screen printing
Successful Printing, Even When the Walls Close In
For 01005 parts, some apertures are better than others.
Continuous reduction in component size has been at the forefront of electronics product innovation, assembly process development and the industry conversation for years. Readers will no doubt recall the papers presented, tools developed, and processes modified to accommodate the “coming soon” metric 03015 and 0201 components. That preparation is essential. In my opinion, however, it is more likely than not that widespread use of these ultra-small chips is far in the future; it will come, but probably not in the next generation.

Another reality presents, perhaps, a more immediate challenge: increasing component density beyond current norms. Realistically, for next-generation mobile phones and wearables, the primary consumers of the most miniaturized components, board designs will continue to incorporate the 01005 chip (metric 0402). There are a gracious plenty of reasons for this, not the least of which are cost and component availability. The challenge for product designers is how to get the most function from chips that may be larger than they would prefer. What’s the solution? Squeeze the 01005s closer together, of course!

High component density is already demanding. Today, the prevailing dimension for the component to component gap (from the edge of one component to the edge of the adjacent component) is 130µm to 150µm. Assuming a 130µm gap in total, each of the 01005s has a keep-out envelope of 65µm. To prevent bridging defects, that envelope must remain intact through printing, placement and reflow. Paste on pad must be precise during stencil printing. Placement force control is essential to avoid material being pushed out beyond the dimensional envelope. The reflow process cannot result in material hot slump. With tight control, current processes are meeting these conditions in high volume. However, the component envelope is shrinking as handheld designs move to increase function while maintaining use of 01005s, meaning more 01005s on the PCB.

Wide view of ASM 01005 test board
Closeup view of ASM 01005 test board
Figure 1. Wide and closeup views of ASM 01005 test board, component gaps of 75µm.
According to technology roadmaps, the component gap will soon reduce to at least 100µm, with a longer-term goal of 50µm. With the surrounding 01005 envelope effectively decreased to 100µm in the near term, and soon approaching 75µm, any deviation in the printing, placement or reflow process that crosses a dimension smaller than a human hair may result in a bridge. Frightening as this may sound, the reality is that printing with 75µm gaps has been achieved with other processes, so we know it’s possible. Printing, though, is not the end of the story; other processes within the assembly operation can violate this barrier if not in extreme control. To accommodate for placement and reflow tolerances, the logical assumption is to reduce solder paste material volume during printing, which would lessen the likelihood of potential issues downstream. With the appropriate stencil thickness and aperture dimension, print volume can be reduced, but this must be done holistically with process balance in mind so we don’t create more problems than we solve.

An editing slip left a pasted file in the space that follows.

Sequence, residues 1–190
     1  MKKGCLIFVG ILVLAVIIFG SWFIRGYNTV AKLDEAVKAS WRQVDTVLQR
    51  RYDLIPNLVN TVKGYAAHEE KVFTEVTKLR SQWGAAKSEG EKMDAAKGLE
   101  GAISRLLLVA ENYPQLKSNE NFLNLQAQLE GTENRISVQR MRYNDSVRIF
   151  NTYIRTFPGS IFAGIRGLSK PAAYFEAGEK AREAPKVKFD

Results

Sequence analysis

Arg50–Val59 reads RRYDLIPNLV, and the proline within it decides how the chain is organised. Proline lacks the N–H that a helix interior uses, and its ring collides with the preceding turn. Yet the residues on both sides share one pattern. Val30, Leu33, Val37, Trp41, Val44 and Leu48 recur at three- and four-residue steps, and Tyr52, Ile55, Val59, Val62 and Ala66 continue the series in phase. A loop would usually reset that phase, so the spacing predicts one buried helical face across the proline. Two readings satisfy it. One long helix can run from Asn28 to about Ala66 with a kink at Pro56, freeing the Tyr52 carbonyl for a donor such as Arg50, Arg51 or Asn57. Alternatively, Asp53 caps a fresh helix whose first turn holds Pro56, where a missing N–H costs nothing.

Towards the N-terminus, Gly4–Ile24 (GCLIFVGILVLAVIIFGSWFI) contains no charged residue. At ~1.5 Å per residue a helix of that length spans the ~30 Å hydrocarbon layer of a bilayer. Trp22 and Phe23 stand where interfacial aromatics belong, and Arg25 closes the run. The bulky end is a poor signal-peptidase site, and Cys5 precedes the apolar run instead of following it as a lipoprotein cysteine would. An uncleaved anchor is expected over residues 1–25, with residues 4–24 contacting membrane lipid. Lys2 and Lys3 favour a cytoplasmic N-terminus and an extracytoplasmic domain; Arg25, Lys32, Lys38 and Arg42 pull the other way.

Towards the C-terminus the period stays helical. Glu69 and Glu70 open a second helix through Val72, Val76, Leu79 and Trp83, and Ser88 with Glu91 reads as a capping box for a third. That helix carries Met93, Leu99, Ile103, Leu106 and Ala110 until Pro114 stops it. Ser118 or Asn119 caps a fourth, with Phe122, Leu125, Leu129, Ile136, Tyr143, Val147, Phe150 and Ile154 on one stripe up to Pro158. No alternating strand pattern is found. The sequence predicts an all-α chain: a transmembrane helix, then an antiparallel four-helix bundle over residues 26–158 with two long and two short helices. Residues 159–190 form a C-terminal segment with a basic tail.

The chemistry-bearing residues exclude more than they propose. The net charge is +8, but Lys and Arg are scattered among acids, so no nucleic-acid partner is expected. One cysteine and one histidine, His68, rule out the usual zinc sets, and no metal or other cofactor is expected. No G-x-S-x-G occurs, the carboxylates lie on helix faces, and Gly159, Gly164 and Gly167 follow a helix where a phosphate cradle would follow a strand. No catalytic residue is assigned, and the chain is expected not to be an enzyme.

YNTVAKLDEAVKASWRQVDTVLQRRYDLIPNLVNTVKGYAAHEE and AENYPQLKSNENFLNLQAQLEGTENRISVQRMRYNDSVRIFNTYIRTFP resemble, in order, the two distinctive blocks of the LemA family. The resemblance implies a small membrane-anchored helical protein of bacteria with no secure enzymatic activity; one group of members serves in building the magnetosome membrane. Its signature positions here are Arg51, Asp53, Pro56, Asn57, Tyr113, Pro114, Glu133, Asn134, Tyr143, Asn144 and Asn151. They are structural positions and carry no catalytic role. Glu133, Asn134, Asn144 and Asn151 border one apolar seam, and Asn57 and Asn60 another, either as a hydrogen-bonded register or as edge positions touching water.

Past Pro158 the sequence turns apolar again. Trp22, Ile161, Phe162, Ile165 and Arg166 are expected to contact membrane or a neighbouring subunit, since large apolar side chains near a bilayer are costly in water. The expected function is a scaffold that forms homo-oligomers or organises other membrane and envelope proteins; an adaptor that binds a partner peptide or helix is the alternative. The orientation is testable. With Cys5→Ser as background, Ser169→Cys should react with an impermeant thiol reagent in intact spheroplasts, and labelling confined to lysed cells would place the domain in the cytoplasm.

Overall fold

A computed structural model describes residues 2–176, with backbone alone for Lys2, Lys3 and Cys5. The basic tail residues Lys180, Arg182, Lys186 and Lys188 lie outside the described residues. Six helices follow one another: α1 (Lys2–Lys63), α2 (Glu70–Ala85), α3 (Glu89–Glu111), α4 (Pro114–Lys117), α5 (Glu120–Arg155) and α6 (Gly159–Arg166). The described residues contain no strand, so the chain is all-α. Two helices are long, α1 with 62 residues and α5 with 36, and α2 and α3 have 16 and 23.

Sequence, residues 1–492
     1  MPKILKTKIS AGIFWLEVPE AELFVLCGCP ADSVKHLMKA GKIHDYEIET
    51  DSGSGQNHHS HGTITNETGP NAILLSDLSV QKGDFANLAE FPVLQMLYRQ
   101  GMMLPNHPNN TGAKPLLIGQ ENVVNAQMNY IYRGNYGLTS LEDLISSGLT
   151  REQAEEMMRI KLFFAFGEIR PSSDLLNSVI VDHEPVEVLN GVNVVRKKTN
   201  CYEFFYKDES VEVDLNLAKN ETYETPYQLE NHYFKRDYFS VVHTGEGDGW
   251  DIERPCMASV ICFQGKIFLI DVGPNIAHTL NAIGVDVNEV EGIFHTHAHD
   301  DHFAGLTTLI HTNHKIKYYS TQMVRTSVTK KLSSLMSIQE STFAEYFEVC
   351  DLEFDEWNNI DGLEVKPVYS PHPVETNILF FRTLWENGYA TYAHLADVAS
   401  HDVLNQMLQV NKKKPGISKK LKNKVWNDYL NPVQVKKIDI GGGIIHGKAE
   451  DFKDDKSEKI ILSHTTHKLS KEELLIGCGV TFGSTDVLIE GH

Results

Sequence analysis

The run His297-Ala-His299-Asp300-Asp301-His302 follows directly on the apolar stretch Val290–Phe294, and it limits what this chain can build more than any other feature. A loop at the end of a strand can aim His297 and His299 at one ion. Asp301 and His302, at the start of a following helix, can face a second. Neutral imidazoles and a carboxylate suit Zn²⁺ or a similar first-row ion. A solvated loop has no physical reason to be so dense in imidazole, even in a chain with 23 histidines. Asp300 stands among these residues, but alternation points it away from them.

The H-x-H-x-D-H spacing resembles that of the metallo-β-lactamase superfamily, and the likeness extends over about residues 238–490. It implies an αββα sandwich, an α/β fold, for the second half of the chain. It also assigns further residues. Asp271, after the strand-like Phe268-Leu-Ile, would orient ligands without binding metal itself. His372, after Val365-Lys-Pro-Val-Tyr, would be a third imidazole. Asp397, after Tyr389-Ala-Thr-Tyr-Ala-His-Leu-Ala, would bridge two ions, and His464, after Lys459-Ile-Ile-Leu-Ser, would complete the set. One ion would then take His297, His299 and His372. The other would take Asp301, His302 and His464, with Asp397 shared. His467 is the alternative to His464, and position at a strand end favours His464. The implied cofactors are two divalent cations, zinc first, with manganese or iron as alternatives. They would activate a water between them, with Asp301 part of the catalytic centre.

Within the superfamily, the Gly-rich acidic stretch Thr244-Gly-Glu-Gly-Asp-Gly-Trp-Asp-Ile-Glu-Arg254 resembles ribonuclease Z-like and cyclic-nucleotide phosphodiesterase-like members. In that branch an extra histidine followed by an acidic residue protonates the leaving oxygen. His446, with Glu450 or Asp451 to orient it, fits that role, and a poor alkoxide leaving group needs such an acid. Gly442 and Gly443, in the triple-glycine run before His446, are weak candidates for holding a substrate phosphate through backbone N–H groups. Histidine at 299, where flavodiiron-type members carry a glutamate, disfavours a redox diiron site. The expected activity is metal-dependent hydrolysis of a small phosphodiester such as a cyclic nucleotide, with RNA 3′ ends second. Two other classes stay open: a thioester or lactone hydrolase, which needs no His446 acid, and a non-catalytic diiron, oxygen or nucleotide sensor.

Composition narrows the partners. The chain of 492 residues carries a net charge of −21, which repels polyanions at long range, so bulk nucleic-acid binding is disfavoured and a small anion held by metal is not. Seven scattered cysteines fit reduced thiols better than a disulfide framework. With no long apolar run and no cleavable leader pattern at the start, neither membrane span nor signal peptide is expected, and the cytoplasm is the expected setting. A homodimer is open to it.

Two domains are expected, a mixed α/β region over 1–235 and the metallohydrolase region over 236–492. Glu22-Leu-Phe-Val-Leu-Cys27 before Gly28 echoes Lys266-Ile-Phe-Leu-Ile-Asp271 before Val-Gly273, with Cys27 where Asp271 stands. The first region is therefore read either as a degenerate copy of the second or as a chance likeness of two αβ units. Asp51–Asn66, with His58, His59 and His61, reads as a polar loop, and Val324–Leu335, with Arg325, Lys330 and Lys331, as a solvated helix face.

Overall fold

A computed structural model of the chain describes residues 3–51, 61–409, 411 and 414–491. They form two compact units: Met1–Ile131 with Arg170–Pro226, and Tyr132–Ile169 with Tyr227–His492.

Our company has studied approaches to maintaining printing area ratio rules, while successfully reducing paste volume on 01005 pads with component gaps of 75µm – or 37.5µm envelopes per component. Using a 0.60 area ratio rule, which is considered acceptable for fine-feature printing, with a 60µm-thick stencil, the aim was to reduce the aperture size to optimize the paste volume and protect against potential defects downstream. Of course, reducing aperture size may not be enough on its own. As discussed in previous columns, the shape of the aperture also plays a role in volume and, potentially, in paste release efficiency. What our analysis revealed was two aperture architectures are delivering success in maintaining area ratio rules while producing sufficient material volume. Using an ASM test board with 01005s and a 75µm component gap (FIGURE 1), the home plate and obround (FIGURE 2) aperture shapes both resulted in a 2.0 Cpk print process. Placement and reflow evaluation, though still ongoing, have shown equally good results.

While the 01005 component has been part of technology designs for some time, and successfully manufactured in high volume, the ever-shrinking gap between these small chips is a new hurdle. Yes, my friends, the walls do indeed feel like they are closing in. As with most challenges in our exceptionally dynamic industry, however, we are already designing solutions to ensure continued high-yield results.

Rounded corner rectangle illustrating obround aperture
Figure 2. Obround aperture design.
Clive Ashmore headshot
CLIVE ASHMORE
is global applied process engineering manager at ASM Assembly Systems, Printing Solutions Division asmpt.com; clive.ashmore@asmpt.com. His column appears bimonthly.